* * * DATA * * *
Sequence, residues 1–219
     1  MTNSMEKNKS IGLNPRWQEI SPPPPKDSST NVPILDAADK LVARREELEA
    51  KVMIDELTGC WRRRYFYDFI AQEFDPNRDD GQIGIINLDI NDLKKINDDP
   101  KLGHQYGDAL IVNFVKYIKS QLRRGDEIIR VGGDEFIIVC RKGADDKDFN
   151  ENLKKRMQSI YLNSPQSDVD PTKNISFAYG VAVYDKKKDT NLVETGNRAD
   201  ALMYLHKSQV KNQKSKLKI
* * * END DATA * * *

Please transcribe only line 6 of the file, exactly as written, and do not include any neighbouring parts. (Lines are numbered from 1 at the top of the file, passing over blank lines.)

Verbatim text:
   201  ALMYLHKSQV KNQKSKLKI